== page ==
Valuing volunteer responders
Editor's note: This story is in response to the recent news piece, "NJ EMTs respond to proposed tightening of state regulations." Volunteer emergency medical technicians are worried that they will lose members and find it difficult to recruit new ones due to a bill currently being debated in the New Jersey Assembly and Senate. Tell us what you think in the member comments.
Many in the EMS community believe that the days of good-hearted volunteers paying for the privilege of running EMS calls has long been over, perhaps the exception being the super-rural areas. The reactions expressed by the people interviewed in this article really strike at the core issues of whether EMS can ever leave its status as a "hobby" or "something I do in my spare time."
In this article, the president of a volunteer rescue squad expresses concern that the department may not be able to attract new members if the initial training increases from 110 to about 150 hours of training.
In addition, there is pending state legislation that will require two EMTs to staff the ambulance, not just an EMT and a driver. Later on he notes that it's already a challenge to find the time to volunteer. "People are busier these days,” he states in the article.
Clearly I can understand that, perhaps in the rural aspects of this country, without volunteers to answer the call there would be no EMS.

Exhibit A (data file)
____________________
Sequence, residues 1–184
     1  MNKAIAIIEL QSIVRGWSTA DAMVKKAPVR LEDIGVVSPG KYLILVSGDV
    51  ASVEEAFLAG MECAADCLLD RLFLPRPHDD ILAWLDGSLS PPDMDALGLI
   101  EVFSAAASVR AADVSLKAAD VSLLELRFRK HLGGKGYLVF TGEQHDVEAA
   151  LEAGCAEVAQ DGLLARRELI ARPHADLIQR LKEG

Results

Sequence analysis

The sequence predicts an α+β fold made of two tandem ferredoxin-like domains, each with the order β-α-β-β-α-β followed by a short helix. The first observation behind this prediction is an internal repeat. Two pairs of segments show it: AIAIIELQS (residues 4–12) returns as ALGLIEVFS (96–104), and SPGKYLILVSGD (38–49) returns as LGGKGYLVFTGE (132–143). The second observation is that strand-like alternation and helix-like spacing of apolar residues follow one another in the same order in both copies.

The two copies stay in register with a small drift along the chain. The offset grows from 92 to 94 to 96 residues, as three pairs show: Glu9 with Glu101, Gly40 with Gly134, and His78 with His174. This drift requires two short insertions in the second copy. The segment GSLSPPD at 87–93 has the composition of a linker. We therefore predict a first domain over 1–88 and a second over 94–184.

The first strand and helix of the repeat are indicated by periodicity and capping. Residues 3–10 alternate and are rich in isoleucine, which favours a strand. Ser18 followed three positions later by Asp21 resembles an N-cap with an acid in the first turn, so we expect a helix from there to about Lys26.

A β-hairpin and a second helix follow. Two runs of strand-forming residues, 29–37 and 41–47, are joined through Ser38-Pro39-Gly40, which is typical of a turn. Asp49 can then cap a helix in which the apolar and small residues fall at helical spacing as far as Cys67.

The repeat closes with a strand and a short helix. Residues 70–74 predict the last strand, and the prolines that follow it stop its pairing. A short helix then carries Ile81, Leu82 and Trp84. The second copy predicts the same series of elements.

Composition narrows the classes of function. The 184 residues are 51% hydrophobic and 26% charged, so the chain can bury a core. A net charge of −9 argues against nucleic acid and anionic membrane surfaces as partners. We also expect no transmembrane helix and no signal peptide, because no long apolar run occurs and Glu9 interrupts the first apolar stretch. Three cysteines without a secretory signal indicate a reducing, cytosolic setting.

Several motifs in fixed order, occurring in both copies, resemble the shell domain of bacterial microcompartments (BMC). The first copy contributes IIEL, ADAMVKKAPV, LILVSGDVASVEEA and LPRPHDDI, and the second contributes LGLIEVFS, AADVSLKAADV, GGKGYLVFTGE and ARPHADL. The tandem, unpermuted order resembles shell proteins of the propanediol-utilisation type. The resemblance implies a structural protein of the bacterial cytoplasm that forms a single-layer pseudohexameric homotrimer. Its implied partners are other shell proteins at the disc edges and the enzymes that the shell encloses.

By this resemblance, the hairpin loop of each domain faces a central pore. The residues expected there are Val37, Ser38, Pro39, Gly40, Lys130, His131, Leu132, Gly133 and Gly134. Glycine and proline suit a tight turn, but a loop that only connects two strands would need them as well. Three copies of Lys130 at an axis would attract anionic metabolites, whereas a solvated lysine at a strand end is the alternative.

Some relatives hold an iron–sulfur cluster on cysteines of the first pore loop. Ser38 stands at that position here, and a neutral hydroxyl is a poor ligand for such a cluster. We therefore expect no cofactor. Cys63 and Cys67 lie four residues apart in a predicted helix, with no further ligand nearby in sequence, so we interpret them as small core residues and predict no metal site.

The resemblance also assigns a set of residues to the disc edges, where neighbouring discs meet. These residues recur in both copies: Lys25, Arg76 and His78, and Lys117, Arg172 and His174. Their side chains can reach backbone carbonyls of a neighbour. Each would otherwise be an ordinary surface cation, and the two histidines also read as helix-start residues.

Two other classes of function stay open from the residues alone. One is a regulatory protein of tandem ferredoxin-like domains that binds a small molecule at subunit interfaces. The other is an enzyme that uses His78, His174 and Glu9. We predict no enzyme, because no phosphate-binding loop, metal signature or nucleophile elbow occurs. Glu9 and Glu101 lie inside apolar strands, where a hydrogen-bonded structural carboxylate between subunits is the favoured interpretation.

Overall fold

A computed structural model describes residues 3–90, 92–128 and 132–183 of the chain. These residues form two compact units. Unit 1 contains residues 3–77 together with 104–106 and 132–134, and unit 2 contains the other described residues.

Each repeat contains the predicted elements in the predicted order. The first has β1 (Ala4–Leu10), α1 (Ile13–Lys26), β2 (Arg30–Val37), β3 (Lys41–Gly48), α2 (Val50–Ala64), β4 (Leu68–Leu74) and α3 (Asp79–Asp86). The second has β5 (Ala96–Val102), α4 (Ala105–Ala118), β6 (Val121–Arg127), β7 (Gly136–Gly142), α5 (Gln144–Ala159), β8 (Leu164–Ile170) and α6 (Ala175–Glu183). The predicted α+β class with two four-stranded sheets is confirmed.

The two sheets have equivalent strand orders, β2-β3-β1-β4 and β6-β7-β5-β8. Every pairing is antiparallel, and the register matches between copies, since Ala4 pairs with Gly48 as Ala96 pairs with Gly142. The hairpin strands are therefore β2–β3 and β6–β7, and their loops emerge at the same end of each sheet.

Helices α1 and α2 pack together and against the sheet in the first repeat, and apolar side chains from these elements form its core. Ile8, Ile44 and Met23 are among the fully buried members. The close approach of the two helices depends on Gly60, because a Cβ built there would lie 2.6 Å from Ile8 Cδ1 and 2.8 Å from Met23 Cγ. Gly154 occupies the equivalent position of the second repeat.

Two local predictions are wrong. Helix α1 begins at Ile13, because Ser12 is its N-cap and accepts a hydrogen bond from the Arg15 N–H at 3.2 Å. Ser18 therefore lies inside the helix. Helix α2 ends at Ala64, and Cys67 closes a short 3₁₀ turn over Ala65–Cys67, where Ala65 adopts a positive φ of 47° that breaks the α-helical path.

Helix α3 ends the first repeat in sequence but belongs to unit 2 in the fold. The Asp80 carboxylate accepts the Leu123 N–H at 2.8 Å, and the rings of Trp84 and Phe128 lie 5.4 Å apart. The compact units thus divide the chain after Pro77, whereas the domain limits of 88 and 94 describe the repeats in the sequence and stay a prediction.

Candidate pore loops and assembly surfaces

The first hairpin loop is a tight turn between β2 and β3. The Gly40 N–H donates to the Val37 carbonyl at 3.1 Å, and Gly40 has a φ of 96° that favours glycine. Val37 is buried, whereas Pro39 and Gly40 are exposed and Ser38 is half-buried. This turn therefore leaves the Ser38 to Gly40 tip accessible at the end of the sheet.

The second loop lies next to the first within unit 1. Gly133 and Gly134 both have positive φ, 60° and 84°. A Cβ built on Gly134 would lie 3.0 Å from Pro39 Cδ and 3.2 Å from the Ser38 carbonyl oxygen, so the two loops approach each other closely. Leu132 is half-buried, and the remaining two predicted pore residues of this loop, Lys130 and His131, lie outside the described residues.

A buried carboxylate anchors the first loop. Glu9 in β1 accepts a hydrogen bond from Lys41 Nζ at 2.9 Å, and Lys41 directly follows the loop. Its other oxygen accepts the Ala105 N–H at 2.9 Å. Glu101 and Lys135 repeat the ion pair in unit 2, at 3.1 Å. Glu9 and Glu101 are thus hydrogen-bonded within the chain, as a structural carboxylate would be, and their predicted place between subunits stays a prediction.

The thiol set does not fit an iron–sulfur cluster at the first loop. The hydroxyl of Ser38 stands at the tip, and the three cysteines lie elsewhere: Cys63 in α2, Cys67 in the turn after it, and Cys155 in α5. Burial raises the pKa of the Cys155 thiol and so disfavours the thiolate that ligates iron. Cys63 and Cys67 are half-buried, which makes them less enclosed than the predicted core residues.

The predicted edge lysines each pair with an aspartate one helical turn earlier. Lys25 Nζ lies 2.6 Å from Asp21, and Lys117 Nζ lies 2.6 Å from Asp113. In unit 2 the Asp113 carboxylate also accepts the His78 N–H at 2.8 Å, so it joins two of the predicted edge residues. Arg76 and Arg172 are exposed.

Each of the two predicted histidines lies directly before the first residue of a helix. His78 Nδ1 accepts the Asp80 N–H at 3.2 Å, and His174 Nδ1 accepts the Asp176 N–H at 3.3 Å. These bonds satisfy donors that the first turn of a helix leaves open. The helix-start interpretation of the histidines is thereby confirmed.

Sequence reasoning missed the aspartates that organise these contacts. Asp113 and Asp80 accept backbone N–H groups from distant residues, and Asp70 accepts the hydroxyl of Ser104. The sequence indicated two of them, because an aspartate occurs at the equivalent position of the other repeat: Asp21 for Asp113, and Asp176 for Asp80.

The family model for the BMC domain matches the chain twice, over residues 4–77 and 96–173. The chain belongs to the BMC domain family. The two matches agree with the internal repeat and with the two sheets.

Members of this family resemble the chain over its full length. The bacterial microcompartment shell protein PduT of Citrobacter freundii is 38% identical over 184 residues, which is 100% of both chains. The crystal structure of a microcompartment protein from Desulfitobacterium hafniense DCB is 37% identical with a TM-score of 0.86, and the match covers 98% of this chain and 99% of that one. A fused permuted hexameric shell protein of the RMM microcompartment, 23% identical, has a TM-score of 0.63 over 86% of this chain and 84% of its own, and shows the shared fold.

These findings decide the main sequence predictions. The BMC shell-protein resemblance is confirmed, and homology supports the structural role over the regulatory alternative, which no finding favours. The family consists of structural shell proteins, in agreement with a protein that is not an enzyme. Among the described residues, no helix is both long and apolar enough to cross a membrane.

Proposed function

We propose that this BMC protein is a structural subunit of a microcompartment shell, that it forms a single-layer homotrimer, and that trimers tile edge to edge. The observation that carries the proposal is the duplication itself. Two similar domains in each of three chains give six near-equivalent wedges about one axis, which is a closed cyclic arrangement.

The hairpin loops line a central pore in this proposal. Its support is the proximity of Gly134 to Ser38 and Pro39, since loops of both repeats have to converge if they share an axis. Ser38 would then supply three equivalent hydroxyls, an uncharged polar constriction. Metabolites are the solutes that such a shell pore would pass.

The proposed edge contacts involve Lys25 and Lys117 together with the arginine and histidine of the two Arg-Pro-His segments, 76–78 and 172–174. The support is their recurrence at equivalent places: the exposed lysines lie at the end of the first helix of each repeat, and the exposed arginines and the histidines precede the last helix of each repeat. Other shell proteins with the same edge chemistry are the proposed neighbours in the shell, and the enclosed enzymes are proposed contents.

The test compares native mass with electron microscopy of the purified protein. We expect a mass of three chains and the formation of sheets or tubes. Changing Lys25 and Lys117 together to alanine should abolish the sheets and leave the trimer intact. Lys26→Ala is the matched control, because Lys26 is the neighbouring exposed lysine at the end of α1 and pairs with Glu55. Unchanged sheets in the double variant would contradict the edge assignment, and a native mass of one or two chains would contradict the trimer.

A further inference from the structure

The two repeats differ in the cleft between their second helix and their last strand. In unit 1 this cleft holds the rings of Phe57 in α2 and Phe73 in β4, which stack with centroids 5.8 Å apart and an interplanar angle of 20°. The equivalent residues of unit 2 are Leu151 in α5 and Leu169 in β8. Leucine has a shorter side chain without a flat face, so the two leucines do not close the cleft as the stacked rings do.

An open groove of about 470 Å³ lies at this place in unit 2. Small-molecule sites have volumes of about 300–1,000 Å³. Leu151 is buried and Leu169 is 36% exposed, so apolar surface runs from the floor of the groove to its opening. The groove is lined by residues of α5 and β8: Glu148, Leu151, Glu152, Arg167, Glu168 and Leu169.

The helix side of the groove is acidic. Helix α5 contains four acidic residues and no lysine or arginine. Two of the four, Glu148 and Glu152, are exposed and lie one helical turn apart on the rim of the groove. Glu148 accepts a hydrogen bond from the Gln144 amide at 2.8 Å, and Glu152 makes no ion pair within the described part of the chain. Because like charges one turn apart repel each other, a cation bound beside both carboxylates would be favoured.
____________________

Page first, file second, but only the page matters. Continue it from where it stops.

In the same areas, there is an overall lack of health care services, so this all makes sense. But it's becoming difficult to defend the use of a volunteer emergency health care system that services a fairly affluent suburb with a large population base.
The current national education standards recommend at least 150 hours of training and a structured clinical experience for primary EMT training. In the majority of the country, ambulances are staffed with two EMTs at a minimum. I couldn't imagine that the communities being served in this article would expect any of its EMS responders to be lesser trained, or their units to be lesser staffed than the national level.
Please, don't think I'm beating up on volunteers. Far from it. I started as a volunteer in the 1980s; I have donated my time to train volunteers since then. I continue to volunteer my time for causes. It's a noble thing to do. It's just that it may be time for communities to consider the value of their volunteer responders and the level of response that is being provided.
If a community believes that it is best served by its volunteers, then provide the ability for citizens to volunteer — tax breaks, on call compensation, anything that can make it easier.
Don't just lower the standard just because it's volunteers. That's demeaning.
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